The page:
Why Germany’s latest Nazi satire ‘Heil’ isn’t brave enough

Posted in Articles, Europe, Literary/Artistic Criticism, Media Archive on 2015-10-26 01:10Z by Steven

Why Germany’s latest Nazi satire ‘Heil’ isn’t brave enough

Deutsche Welle
2015-07-16

Sarah Hofmann

An unlikely spokesman
Neo-Nazi boss Sven (left, played by Beno FĂĽrmann) celebrates a victory. He kidnapped Afro-German author Sebastian Klein (played by Jerry Hoffmann), who suffers from amnesia after behind hit on the head. Klein starts mimicking everything the neo-Nazis say.

An Afro-German starts talking like a neo-Nazi after the right-wingers beat him up in the new film satire, “Heil.” If Germany is going to laugh about Nazis, it should have a better reason to, says DW’s Sarah Hofmann.

It starts with a shock and the text “Deutschland 1945” on a black board. Cut. Historic footage of a Hitler speech. Cut. Piles of corpses in Bergen-Belsen. Cut. “Deutschland 1945” on a black board. Cut. One of the main characters in the film, a neo-Nazi, spraying “Wheit Pauer” – presumably intended to read “White Power” – and a swastika on a wall.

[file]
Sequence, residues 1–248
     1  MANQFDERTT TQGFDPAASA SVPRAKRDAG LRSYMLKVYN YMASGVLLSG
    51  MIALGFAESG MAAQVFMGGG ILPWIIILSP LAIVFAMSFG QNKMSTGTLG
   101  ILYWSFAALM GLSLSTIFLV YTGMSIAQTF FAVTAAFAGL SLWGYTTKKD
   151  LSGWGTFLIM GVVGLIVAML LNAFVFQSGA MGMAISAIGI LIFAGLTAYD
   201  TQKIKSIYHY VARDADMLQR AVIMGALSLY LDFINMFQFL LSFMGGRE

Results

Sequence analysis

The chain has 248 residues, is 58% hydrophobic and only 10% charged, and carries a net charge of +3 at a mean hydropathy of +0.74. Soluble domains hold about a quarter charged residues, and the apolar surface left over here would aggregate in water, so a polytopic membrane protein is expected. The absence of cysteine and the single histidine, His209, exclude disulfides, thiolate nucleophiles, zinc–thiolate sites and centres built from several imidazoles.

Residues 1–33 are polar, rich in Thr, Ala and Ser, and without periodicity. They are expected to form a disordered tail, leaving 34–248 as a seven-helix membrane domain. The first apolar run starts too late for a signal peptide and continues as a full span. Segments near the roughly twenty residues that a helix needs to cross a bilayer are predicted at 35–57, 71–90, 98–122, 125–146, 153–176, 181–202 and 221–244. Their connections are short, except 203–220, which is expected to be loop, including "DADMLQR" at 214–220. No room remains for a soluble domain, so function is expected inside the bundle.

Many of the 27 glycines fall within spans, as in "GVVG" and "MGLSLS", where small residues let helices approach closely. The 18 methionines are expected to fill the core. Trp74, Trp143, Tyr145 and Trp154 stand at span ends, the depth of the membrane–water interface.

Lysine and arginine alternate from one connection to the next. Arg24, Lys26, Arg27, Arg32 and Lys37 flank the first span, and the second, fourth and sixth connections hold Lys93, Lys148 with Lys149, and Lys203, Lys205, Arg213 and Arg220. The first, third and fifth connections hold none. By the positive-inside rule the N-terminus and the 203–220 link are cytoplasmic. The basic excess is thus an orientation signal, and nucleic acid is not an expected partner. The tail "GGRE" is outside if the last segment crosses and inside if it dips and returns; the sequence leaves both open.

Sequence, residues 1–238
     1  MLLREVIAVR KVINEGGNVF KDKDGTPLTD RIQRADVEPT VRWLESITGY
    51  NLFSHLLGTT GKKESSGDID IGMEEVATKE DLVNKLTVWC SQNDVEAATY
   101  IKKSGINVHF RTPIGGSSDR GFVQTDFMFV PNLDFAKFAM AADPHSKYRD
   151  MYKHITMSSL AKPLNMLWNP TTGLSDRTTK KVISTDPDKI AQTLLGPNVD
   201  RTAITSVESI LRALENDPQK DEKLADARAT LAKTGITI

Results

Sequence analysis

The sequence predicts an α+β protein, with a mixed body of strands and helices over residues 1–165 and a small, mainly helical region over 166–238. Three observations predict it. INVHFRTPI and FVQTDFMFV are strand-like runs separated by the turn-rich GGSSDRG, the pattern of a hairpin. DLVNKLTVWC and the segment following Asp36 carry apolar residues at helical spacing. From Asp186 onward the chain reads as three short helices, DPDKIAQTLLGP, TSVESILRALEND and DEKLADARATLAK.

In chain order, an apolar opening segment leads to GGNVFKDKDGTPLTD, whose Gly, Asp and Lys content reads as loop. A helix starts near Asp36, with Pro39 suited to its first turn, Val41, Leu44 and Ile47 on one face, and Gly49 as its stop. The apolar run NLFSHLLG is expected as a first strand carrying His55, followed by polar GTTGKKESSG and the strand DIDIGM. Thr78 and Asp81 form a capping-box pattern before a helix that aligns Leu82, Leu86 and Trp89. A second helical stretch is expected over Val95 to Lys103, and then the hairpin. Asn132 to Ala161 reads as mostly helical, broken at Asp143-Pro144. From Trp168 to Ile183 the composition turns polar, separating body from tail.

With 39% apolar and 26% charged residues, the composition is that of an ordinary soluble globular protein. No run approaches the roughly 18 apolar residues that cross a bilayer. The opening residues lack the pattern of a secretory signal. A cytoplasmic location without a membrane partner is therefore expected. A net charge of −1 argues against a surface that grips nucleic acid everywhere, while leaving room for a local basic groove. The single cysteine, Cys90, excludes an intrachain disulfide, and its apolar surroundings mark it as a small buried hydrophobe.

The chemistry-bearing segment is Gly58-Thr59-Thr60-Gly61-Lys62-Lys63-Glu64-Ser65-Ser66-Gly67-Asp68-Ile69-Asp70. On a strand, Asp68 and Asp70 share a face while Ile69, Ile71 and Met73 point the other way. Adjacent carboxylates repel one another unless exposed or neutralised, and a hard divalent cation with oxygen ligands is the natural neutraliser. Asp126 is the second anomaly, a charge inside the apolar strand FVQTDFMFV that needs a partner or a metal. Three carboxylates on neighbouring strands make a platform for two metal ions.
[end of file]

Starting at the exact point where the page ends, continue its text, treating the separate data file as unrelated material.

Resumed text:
The first sequence in the film “Heil” lasts only five seconds. But the scenes are powerful. The audience stops laughing when the images jump from 1945 to 2015.

As a German in the audience, I find myself asking: Is that ok? Can images of Nazi crimes be used to evoke laughter without offending the victims? I decide that, yes, it can. But with one caveat: It has to hurt.

If the humor is black, then it should be bad.

How far can clichés be taken?

Nevertheless, even in 2015, Nazi jokes shouldn’t be turned into slapstick in Germany – and that’s the problem with “Heil.” The plot cannot be summed up in a few lines. It opens in Prittwitz, a fictional East German village that fulfills every clichĂ© and is controlled by neo-Nazis. Afro-German author Sebastian Klein has a reading scheduled in this very town. Shortly after he arrives, he is beaten up and kidnapped by a bunch of neo-Nazis. The slapstick element comes when Klein suffers from amnesia after being hit on the head and mimics everything the neo-Nazis say for the rest of the film.

In talk shows, Klein rants xenophobic slogans. It’s a victory for neo-Nazi boss, Sven, who is competing with other neo-Nazi groups: the new Nazis in the West and the Nipsters. The latter dress like hipsters and know their way around social media, which gives them an advantage over the backward twits from Prittwitz. Then there are the local gangs that are just waiting for an opportunity to march into Poland again.

And Sebastian? His pregnant girlfriend – the epitome of the well-situated, hip Berlin mom – comes looking for him…

Read the entire article here.

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